The events of the past week have conspired to shake this idea loose within my dusty innards. In fact, this post wouldn’t exist without a multistage chain of causality. Considering this post itself is about the interaction of links and commenting, it is in a sense shaped like itself. Observe:
- People will pay for interaction
- News as gaming: And gaming involves a hand in shaping content, much like Dan Gillmor’s idea of the read/write web.
- Reward readers via rewards and unlockables.
Another friend, Hans Meyer, followed up on Carrie’s post to build on the idea. Citing the original’s argument, that many news orgs ignore comments even while WoW users are paying in part for that interaction, Hans tosses out the suggestion of a system of medals or badges similar to what’s used in massively multiplayer gaming (and kindly cites my own argument about the collecting habit in the process). One might rack up achievements, he suggests, through posting, or through providing solid tips, or some other such system.
This idea got me thinking about how to reward those who participate while not creating barriers to those who are not yet on board. The ideal should be to encourage quality participation from all parties involved while at the same time remaining accessible to newcomers. In my gaming experience, the business of rewards takes two forms: Levels and achievements, so I’ll take a look at them as possible options.
Option one: Levels, as in gaining levels through your accomplishments. To level (see noun #6 and verb #3) means the game has changed – you’re bigger, stronger now, but the challenges you face also tend to increase, so the level 5 gnome is playing a different game than the level 2 one.
The idea of levels seems interesting, but also harbors a potential problem: Levels give us something to aspire to, but they also may provide a reward to some at the cost of driving off others. Think about it: There are some who log in to WoW and see the level 70 necromancer with the epic mount and think “That’s what *I* want,” but there are others, perhaps many, who see that same guy and think “There’s no way I’ll have the time/resources/socks to do that” and head back to Bejeweled.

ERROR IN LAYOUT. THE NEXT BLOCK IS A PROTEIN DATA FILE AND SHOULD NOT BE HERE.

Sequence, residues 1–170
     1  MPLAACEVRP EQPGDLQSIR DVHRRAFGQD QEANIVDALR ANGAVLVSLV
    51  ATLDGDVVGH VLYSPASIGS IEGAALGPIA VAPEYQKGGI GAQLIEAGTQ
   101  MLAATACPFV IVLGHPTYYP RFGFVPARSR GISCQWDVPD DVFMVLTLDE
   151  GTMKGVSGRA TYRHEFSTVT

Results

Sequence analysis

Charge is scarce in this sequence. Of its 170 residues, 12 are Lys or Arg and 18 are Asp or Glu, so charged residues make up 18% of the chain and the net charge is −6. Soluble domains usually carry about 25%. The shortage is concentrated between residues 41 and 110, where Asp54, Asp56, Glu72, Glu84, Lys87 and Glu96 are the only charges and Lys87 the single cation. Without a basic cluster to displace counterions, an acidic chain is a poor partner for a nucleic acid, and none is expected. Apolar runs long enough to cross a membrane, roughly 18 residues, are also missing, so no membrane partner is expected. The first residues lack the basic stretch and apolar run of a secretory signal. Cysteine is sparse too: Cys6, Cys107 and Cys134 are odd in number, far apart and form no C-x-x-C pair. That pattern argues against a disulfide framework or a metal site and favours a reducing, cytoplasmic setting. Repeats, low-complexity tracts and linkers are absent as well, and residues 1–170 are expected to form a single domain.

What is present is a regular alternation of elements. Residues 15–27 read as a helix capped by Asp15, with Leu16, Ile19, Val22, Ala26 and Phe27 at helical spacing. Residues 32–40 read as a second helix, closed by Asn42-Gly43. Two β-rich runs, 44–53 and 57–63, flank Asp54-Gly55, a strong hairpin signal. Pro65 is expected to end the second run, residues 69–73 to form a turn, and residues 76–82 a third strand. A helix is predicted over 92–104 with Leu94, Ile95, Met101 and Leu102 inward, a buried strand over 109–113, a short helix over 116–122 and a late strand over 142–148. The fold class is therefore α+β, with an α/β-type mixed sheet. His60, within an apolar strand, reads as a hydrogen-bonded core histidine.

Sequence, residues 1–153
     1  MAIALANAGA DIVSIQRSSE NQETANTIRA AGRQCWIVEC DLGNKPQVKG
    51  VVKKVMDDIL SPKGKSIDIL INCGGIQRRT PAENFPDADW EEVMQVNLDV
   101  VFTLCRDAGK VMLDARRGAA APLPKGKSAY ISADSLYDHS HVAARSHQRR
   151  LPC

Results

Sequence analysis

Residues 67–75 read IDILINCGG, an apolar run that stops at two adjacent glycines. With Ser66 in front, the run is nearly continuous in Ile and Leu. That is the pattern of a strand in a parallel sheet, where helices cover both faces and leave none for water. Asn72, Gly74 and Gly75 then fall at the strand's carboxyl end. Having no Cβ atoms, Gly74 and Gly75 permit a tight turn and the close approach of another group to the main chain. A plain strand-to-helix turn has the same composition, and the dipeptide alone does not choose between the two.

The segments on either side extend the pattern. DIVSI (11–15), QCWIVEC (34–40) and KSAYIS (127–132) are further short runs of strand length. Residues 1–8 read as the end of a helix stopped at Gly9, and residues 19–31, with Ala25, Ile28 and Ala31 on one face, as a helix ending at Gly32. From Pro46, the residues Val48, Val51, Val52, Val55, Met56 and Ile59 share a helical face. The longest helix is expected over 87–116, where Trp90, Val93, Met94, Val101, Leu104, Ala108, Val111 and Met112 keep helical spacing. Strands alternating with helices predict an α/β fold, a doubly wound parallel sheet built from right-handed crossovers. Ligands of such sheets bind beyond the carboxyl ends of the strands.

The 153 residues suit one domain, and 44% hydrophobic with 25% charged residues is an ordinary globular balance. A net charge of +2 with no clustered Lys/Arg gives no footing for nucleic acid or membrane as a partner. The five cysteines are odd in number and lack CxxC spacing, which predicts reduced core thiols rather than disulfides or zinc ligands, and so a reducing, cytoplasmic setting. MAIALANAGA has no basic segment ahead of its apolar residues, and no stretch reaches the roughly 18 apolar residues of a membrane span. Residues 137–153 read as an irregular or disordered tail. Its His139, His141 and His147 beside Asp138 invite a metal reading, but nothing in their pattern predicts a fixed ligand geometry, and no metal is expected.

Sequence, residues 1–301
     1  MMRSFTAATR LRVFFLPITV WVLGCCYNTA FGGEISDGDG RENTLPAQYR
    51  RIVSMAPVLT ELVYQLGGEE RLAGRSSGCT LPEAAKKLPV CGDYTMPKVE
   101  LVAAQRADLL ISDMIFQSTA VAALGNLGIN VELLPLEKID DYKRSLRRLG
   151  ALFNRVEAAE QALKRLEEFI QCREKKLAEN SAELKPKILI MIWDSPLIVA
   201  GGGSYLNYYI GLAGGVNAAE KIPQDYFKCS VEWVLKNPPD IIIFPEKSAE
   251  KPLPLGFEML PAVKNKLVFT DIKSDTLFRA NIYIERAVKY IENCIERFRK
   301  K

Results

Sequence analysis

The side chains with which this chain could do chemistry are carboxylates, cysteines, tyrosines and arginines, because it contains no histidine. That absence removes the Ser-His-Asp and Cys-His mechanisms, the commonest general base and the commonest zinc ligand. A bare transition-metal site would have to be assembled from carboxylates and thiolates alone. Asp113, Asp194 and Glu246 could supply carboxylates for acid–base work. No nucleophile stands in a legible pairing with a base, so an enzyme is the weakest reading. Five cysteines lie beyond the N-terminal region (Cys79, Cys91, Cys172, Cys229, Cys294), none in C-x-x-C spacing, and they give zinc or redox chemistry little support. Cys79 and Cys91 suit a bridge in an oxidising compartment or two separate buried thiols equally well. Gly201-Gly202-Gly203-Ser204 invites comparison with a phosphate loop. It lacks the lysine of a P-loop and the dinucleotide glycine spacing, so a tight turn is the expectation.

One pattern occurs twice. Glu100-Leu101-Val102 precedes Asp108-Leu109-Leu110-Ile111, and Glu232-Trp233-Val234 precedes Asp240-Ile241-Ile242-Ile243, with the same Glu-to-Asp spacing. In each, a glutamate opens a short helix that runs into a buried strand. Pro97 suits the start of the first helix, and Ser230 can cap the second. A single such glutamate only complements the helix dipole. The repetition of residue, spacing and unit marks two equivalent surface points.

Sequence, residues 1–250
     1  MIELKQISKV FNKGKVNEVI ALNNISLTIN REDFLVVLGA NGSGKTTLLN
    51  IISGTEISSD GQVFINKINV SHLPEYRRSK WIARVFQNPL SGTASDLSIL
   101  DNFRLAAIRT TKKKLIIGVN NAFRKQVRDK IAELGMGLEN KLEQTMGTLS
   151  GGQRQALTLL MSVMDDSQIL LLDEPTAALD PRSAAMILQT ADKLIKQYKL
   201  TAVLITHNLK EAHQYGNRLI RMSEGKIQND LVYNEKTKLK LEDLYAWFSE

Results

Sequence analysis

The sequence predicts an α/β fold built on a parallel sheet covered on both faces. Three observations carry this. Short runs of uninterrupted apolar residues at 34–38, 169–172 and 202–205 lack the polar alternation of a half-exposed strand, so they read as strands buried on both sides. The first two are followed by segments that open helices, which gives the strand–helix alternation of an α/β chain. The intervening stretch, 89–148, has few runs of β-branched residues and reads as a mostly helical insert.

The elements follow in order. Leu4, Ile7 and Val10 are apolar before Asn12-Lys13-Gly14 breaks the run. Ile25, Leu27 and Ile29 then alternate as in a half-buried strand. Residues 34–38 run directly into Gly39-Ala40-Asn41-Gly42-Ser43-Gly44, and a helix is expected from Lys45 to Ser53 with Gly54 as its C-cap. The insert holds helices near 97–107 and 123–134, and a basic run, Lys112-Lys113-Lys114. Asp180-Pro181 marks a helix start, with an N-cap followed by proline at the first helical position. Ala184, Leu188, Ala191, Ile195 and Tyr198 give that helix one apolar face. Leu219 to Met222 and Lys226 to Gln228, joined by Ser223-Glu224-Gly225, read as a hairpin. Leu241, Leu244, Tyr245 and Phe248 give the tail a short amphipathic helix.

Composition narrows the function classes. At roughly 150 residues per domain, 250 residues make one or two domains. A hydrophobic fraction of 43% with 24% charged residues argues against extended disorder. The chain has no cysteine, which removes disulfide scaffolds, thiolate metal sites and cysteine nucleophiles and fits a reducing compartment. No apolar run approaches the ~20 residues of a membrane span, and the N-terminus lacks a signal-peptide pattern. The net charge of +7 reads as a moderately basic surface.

One more issue: What’s so special about that guy in the first place? Sure, in a game it makes perfect sense that those who pay their dues reap the rewards, but does it send the same message in news? Maybe the implication there is that this guy’s opinion is worth more than yours because he’s a regular. That’s not automatically bad, but it requires weighing rewards for the loyal with the potential of driving off newcomers.
On the other hand, some people’s thoughts ARE better. Gawker’s starred commenter system – where the default is to hide the comments of commenters without stars – is an interesting example of this. Not only that, but starred commenters on sites like Gawker, Kotaku, and Deadspin can also boost the nonstarred by promoting them in the comment thread. Still feel bad for those unheard commenters? Go ahead and click the “show all comments” button – try it here – and start reading the unfiltered feed. You’ll shut it back off again, I promise; once you taste the nectar of a higher signal-to-noise ratio, forever will it dominate how you read.
If not levels, then, what? How about the Xbox alternative of achievements? Achievements are little things that are unlocked for little (and big) accomplishments – on Xbox they add to your Gamerscore. You rack them up, they show up on your profile, they make you feel good … and they have little to no influence on gameplay. Yet people pursue them, even sometimes cheat for them. What’s more, the achievement is an incentive for both the WoWer and the Bejeweler.
That’s because there’s a difference between levels and achievements as incentives. Levels, as mentioned, mean your game has changed, and that your experience is no longer that of some others. Achievements, on the other hand, mean demonstrated proficiency, not privileges. An achiever may look good, and there will surely be competition to unlock achievements more and faster, but at the end of the day they are an incentive that are less likely to daunt the newcomer.
Maybe it’s my Boy Scout heritage, but Internet achievements could function like merit badges. The only advantage gained is braggin’ rights, so any boost would come from the actions of the community rather than from an administrator or other power. They could be just as much an incentive as levels, but more democratic and less divisive.
(As a final note: It’s also interesting that the WoW forums themselves are grappling with a similar question: How do we allow maximum participation with minimal shenanigans?)